Bruce Collins, Evangelist

The personal website of Bruce Collins

Devotion or Duty?

 

Matthew 28:19 Go therefore and make disciples of all the nations, baptizing them in the name of the Father and of the Son and of the Holy Spirit.

1 Corinthians 11:24-25 and when He had given thanks, He broke it and said, "Take, eat; this is My body which is broken for you; do this in remembrance of Me."  In the same manner He also took the cup after supper, saying, "This cup is the new covenant in My blood. This do, as often as you drink it, in remembrance of Me."

 

Making Disciples

The evangelist is asked to make disciples in Matthew 28.  A disciple is a follower or student of the Lord.  (Students in those days “followed” their masters to learn all that they could from him.)  Evangelists are to make disciples by preaching the Gospel since faith in the surficial death of Christ is of course necessary to be a disciple.  But a true disciple has been baptized, and in the Bible, that was always after believing in the Lord; and it was always an immersion.  That is what the word “baptize” really means.  But a true disciple has also been taught all things.  Of course that includes the truths connected with a holy life and the Lord’s coming again.  But it also includes the command, “This do in remembrance of me.”

 

This Do

In the upper room, the disciples kept the Passover with the Lord before He suffered.  During that ceremony, the Lord does something new.  He has the disciples take bread and wine in remembrance of Him.  The Passover was a ceremony reminding the Jews of their deliverance from Egypt.  The Passover continued until the Lord came and fulfilled the prophetic implications of the ceremony.  Now they no longer needed the Passover since they had the Lord Himself Who was going to become the “Lamb of God who takes away the sin of the world (John 1:29).”  Instead of the Passover believers now have the Lord’s Supper as explained in 1 Corinthians 11.  In the Bible, it is always associated with a gathering of a local church (See 1 Corinthians 11:18, 20).  And it is something believers are asked to do.  It does not save, it is a memorial. 

 

Many people emphasize that the “do” in this request is in the imperative mood and believers have to do this.  I confess that I have never remembered the Lord because I have to.  There is a difference between devotion and duty.  If we do what we do out of devotion to the Lord, it is liberating and joyful.  If we do it out of duty, it becomes religion, and it becomes a burden. 

 

How Often should the Church do this?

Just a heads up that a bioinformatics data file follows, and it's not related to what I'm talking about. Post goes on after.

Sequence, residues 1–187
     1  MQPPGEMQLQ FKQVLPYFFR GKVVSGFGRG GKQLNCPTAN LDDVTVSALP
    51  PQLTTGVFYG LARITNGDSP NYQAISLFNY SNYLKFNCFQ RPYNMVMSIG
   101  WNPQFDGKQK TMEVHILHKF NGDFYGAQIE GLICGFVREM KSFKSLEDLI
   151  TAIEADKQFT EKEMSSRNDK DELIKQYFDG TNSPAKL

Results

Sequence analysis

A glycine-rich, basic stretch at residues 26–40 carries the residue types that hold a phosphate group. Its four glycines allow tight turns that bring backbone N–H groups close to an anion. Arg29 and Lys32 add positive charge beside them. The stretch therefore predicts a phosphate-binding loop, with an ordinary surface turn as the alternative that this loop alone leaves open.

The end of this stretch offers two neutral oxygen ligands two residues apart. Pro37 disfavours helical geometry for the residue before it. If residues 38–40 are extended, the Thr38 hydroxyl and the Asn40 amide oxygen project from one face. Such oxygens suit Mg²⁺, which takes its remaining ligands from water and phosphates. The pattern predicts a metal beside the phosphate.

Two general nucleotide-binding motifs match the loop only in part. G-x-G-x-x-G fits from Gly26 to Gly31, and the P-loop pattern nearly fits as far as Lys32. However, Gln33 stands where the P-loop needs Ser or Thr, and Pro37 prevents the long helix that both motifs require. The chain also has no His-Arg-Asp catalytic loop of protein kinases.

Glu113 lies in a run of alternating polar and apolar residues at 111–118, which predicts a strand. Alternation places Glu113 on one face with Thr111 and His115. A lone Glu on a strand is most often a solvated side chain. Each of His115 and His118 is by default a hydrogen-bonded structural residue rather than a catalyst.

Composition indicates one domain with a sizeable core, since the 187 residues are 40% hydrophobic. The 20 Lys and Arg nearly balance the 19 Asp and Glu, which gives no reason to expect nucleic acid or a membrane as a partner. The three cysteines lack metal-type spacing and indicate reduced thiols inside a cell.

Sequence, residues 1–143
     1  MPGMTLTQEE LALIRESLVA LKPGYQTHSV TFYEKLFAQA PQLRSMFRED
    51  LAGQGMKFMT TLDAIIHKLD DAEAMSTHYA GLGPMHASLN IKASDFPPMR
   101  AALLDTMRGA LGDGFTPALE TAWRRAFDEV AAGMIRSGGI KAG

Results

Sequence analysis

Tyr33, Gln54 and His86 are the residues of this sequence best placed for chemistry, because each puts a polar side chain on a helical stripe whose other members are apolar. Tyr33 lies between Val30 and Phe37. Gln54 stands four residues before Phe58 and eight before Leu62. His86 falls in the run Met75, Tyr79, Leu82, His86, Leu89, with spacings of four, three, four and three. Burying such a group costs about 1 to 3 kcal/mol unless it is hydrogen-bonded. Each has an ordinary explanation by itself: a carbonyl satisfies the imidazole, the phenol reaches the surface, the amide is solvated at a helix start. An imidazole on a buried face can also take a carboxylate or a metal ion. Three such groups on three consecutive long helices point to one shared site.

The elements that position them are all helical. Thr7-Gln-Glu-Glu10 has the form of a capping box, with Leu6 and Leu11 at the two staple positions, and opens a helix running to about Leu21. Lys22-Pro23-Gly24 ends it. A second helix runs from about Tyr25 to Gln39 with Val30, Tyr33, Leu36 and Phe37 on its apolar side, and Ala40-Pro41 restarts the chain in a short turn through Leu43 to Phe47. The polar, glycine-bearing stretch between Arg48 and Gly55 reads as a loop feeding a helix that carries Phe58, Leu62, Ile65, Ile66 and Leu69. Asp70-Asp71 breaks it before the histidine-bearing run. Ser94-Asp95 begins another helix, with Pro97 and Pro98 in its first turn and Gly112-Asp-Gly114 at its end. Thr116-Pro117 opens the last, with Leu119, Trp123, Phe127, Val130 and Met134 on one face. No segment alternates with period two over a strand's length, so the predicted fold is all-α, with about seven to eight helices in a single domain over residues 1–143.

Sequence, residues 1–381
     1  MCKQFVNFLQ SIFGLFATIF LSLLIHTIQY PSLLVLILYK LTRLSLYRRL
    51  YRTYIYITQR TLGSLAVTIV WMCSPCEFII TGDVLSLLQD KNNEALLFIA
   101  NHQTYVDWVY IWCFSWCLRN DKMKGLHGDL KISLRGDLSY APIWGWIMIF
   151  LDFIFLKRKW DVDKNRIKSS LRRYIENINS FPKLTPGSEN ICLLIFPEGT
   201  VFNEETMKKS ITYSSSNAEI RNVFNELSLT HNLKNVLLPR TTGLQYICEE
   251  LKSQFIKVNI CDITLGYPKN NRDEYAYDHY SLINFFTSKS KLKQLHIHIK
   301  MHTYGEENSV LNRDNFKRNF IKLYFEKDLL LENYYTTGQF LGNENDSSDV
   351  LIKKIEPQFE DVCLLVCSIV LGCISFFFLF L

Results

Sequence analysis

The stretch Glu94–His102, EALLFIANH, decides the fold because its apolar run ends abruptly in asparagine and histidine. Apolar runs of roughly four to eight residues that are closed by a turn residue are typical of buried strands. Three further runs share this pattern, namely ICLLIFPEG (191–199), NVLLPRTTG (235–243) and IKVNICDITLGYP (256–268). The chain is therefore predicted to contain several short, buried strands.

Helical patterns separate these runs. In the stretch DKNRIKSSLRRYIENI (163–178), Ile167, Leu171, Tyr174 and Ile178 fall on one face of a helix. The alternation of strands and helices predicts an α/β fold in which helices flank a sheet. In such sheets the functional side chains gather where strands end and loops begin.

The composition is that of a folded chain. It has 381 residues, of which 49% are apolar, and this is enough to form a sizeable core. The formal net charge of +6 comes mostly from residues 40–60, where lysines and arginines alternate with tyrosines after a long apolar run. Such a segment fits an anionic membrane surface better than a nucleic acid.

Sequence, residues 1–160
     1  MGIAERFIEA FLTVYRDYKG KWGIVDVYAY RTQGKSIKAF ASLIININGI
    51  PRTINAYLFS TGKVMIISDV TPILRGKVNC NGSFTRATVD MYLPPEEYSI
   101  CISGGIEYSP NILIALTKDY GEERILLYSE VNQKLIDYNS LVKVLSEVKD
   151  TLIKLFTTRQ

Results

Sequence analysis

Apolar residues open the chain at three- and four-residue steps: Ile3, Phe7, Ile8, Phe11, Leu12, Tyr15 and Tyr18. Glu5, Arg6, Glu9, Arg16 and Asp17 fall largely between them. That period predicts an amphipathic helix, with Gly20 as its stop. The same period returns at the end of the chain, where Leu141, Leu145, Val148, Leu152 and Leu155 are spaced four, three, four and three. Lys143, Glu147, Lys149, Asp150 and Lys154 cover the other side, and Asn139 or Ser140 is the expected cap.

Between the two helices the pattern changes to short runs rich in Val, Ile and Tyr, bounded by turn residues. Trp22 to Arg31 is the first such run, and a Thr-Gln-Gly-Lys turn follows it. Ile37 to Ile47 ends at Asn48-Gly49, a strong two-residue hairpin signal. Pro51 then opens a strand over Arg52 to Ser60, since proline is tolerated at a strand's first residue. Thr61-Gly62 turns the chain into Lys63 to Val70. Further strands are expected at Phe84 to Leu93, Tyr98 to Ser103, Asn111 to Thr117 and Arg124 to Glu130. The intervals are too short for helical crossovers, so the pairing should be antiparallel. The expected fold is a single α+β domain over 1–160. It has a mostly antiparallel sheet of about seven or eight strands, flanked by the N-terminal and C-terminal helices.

The passage in 1 Corinthians 11 tells us to do it often.  Nowhere are we told how often to do it.  We know from Acts 20 that the Christians at Troas came together on the first day of the week to “break bread.”  However, we are not told that they did this every week even though that probably was their practice.  The context seems to imply that “breaking bread” in this passage was the Lord’s Supper.  We know from 1 Corinthians 16 that the Corinthians were to lay aside something for the Saints in Jerusalem on the first day of the week.  It appears that the Corinthian church was meeting on the first day of the week. I believe the first day of the week to be the Lord’s day.   But nothing is said in that passage about the Lord’s supper. 

 

I have always been associated with groups of Christians that remember the Lord every Lord’s day.  While remembering the Lord every Lord’s day is not directly commanded or even clearly given to us by example in the Bible, why would we do it every Lord’s day?  I can’t speak for others, I can only speak for myself.  I do it because I can.  I don’t worship the breaking of bread; I worship the Lord at the breaking of bread.  There are a lot of things that I do where I am not sure that I am actually in the will of the Lord, but when I break bread I know I doing something that pleases Him.  I personally believe that the early church did not compartmentalize their meetings like we do.  I suspect that when they came together, they prayed , they preached, and they broke bread.  They may even have preached the Gospel so that unbelievers present could be saved.  I think that because the early church continued steadfastly in the apostles doctrine, fellowship, breaking of bread and prayers (Acts 2:42).  But while I think that is what they did, I can’t prove that every time they came together they did every one of these things.  However, arguing about how often we HAVE to break bread, defeats the whole purpose of what we do.  The question is how often CAN we break bread, not how often MUST we break bread?

 

Conclusion

The Lord’s Supper is like a grave stone marker.  That maker is a memorial that reminds us of the person who is buried there.  The Lord’s Supper is the memorial to the Lord who died, was buried and who rose again.  The Lord’s Supper will continue until the Lord returns for the church.  It is my purpose to always start my week by giving the Lord the honor of being remembered.  The Lord gave Himself for me so that my sins could be forgiven and I could have a home in heaven.  The least I can do is start my week by remembering Him. 

 

Bruce Collins

 

Meditation for the week of March 26, 2017

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